Moller-Maersk has agreed to purchase rival
Royal P&O Nedlloyd for $3 billion (2.3 billion euros). The board of P&O Nedlloyd supports the A.P. Moller-Maersk offer, as the price represents a 40% premium based on P&O Nedlloyd's most recent closing share price.
For its most recent quarter, revenues at P&O Nedlloyd were up 16% to $1.7 billion and operating profit improved 252% to $74 million. P&O Nedlloyd managed to increase average freight rates 14% and volume increased 5% during the quarter.
"In this fragmented industry we believe these two highly complementary businesses will achieve far more together than apart," says Andrew Land, chairman of P&O Nedlloyd.
P&O Nedlloyd, which was admitted to the Amsterdam Stock Exchange in March 2005, reported 2004 operating profits of $401 million. Revenues were $6.7 billion. The company says that average freight rates increased 13% and its operating margins were 6%. The company also recently christened an 8,450 twenty-foot-equivalent unit (TEU) ship — the P&O Nedlloyd Mondriaan.
A.P. Moller-Maersk Group reported $28 billion in net revenues for 2004. Increased container volumes and rates, along with higher rates for its tankers, helped it increase revenues by approximately 6% from 2003. Net revenue from container shipping and related activities were $16 billion. After taxes, Maersk reported $1.4 billion in container shipping and related revenues in 2004.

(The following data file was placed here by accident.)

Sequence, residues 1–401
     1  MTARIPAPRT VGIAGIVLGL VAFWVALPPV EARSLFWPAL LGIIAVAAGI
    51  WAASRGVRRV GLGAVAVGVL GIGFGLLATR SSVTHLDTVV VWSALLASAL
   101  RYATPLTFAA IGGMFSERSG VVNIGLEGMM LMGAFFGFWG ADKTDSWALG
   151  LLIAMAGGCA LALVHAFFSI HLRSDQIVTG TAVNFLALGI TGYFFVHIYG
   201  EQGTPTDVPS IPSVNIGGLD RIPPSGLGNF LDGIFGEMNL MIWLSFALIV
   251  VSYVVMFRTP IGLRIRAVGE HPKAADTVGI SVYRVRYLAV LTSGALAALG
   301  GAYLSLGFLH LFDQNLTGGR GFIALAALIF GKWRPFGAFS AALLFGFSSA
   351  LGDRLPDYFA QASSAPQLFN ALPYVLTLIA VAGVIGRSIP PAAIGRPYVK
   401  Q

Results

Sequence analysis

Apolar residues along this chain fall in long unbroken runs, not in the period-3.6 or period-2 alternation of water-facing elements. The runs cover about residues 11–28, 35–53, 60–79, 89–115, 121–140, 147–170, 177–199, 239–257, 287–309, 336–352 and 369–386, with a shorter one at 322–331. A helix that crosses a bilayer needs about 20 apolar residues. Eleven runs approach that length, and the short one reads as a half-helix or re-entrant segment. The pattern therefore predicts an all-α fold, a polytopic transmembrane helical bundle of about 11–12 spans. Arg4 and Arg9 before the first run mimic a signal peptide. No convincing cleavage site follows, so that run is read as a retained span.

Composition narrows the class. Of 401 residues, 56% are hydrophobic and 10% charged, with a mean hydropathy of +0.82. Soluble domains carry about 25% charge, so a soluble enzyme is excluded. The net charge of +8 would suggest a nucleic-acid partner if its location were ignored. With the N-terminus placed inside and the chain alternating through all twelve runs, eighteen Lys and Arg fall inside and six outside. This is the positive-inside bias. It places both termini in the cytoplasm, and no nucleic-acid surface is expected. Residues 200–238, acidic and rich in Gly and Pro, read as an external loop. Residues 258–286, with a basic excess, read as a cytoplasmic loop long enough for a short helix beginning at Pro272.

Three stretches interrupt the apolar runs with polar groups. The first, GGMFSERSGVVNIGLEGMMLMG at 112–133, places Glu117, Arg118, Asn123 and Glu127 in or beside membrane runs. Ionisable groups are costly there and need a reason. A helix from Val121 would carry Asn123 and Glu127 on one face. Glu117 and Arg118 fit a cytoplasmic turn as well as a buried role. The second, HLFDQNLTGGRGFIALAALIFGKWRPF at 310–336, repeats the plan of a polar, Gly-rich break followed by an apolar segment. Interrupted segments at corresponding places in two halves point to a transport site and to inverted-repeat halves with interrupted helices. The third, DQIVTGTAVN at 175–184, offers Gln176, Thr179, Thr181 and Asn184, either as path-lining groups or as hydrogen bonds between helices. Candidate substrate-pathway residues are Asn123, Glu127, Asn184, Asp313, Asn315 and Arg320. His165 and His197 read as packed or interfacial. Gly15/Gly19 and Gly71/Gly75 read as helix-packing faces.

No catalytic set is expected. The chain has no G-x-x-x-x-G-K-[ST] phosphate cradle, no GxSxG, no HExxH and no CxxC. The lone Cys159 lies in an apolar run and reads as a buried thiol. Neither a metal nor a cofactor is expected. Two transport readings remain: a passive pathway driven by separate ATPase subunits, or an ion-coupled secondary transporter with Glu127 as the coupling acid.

Based on current projections, Maersk anticipates that this transaction over time will lead to a reduction of about 1,500 full-time positions worldwide, or 5% of the combined workforce. The joint business will have its corporate headquarters in Copenhagen, Denmark.
The A.P. Moller-Maersk Group's fleet includes more than 250 vessels with a total deadweight of approximately 12 million tons. P&O Nedlloyd's operating fleet stands at 154 vessels.